Read the original article in The Sun UK.
LEGS splayed, knees bent, bristling with aggression, Johnny Ramone used his guitar like a weapon.
With his mop of straight, shoulder-length hair, frayed jeans, leather biker jacket and white sneakers, he struck a pose that turbo-charged a rock revolution.
It’s 40 years since the Ramones’ debut album arrived, blasting off with Blitzkrieg Bop’s immortal rallying cry “Hey ho, let’s go!”
Fast, furious, fresh and focused, the 14 songs were over in 29 breathless minutes.
The sound that kick-started punk on both sides of the Atlantic was driven by the machine gun precision of Johnny’s right hand.
They also created great pop hooks, echoed the direct approach of Buddy Holly and early Elvis Presley and even created a rock “wall of sound” to rival the pioneering girl group productions of Phil Spector.
It’s desperately sad that none of the four original members, Johnny, Joey, Dee Dee and Tommy, has lived to celebrate the 40th anniversary.
But this week, I spoke to the woman who knew them better than anyone . . . at a time when appreciation for the Ramones and their enduring influence couldn’t be higher.
Linda Ramone was Joey’s girlfriend for more than three years before becoming Johnny’s wife and love of his life.
We’re marking next month’s release of a dazzling new box-set edition of the debut album which gathers up the original tracks, mono mixes, demos and live recordings.
Larger-than-life Linda tells it straight with no edit button. “They all lived on the same block, they loved the same music, they all were in it together and now they’ve all died,” she says.
“None of them had kids. Maybe it’s better, who knows? I might have had a kid who listens to rap!”
It’s a comment typical of Linda’s partisanattitude to the Ramones and supports her mission to keep their name alive since Johnny’s death from prostate cancer in 2004.
“They changed music forever, made it completely different,” she maintains.
“They took away from all the long, overdone guitar solos. Their music was short, simple and cool . . . and they looked so cool too.
“I love The Beatles but the Ramones were just the coolest band ever. Johnny looked amazing and, in later years, he’d admit, ‘Wow, I was good-looking. I didn’t think that back then’.”
Johnny, born John William Cummings in 1948, the only son of a construction worker, dreamed of being a baseball star with his beloved New York Yankees.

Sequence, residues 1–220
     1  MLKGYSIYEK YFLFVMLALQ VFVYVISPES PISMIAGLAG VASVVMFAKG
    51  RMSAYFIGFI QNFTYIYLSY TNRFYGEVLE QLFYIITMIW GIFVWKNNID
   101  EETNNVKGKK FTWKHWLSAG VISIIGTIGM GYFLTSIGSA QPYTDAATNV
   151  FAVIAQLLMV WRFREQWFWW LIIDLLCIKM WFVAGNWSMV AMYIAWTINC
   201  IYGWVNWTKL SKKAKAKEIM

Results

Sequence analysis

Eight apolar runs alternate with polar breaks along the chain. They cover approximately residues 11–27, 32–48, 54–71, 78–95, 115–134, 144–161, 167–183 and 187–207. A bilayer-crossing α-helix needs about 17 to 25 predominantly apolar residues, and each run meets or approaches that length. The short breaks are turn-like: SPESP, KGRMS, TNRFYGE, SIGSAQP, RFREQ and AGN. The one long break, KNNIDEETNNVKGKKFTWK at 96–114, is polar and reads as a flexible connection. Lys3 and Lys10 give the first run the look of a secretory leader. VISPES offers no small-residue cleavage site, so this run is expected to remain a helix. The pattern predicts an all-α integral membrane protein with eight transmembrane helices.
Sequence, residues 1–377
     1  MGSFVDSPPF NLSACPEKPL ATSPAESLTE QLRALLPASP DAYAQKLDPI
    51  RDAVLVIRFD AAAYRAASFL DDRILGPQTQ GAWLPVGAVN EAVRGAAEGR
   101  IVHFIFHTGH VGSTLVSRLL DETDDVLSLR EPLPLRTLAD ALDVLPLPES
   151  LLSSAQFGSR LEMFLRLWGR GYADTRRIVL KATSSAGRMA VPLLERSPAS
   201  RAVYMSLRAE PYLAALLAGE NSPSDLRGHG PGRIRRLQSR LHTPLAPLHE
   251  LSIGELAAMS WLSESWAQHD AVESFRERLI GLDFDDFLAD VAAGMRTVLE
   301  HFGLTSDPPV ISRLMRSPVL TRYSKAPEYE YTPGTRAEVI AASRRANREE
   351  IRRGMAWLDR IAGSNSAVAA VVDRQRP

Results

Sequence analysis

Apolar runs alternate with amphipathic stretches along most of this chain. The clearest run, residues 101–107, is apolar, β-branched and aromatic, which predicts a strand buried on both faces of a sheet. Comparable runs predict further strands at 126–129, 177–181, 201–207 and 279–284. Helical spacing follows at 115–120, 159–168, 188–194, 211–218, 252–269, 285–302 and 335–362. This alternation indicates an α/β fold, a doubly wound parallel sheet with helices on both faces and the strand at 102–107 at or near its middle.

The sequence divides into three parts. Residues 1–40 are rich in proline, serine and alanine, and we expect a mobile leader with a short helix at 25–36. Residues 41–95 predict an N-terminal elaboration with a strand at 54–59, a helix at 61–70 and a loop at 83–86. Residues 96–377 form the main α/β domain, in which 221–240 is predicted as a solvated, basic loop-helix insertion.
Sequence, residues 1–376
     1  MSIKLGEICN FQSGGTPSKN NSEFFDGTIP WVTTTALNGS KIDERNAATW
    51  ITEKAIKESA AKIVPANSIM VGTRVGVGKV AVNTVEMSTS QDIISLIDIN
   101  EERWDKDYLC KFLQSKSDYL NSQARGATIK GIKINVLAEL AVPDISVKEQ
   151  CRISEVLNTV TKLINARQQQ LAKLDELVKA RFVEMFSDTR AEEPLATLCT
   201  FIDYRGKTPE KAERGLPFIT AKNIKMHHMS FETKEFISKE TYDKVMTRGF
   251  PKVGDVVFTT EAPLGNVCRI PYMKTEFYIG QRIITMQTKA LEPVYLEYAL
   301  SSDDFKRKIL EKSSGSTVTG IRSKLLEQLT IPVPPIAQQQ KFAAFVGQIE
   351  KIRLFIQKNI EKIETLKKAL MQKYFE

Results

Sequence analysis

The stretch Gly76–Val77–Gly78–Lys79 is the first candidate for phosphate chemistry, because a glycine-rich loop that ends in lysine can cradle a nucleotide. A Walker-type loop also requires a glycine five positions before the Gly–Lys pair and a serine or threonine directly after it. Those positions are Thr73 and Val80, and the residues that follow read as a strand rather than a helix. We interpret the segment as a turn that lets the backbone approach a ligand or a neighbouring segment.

He was dogged by pent-up anger, the need for control and a quick temper, and thought a career in the Army might serve as an outlet for his emotions.
Linda says: “He put himself in military school. It wasn’t as if his parents sent him there because he was bad. He wanted to go and he wanted to be a sergeant.”
The idea of Johnny ferociously barking out orders resonates with his short sharp shock approach to music.
“But military school was too strict,” continues Linda. “They wanted him to cut his hair. He said it was really hard having to get up early every morning, make your bed, clean your rifle. Too intense!
“He quit just at the time he was getting into music. When he saw Elvis, he wanted to be a rock star.”As a teenager, Johnny played in a band called the Tangerine Puppets, worked with his dad as a plumber, even delivered laundry, all the time following his passion for new music which included punk forbears such as The Stooges and The MC5.
He hung out with future bandmates, like-minded souls, and by the summer of ’74, the Ramones were up and running.
“Johnny was leader of the band,” says Linda. “I don’t know if he would have liked it as much if he wasn’t. He loved being in charge.”
His first serious guitar was a blue secondhand Mosrite Ventures II for which he paid $54 at Manny’s Music, New York.
Now he had a chance to express himself and Linda provides a telling insight into her late husband: “Johnny felt his anger made him play his guitar that way. If he wasn’t angry, if he was a fluff- ball, how could he have influenced so many guitar players the way he did?
“I mean his stance alone! Nobody stands like Johnny and he looks crazy or angry, his eyes rolling and his hair flowing.
“The whole point of the Ramones is Johnny’s sound. His guitar and that anger drove it. That’s just how he was.
“When he was young, if someone said something to him he didn’t like, he’d just punch you and lay you out on the floor.
“Later on, he would just give you this stare and people wouldn’t even be able to speak.
“I was never intimidated — go figure guess that’s why I lasted. He mellowed out a little when we moved to LA and he retired.”
Linda describes herself as a “music freak” and remembers first seeing the Ramones very early on at Manhattan’s legendary scenester club CBGB.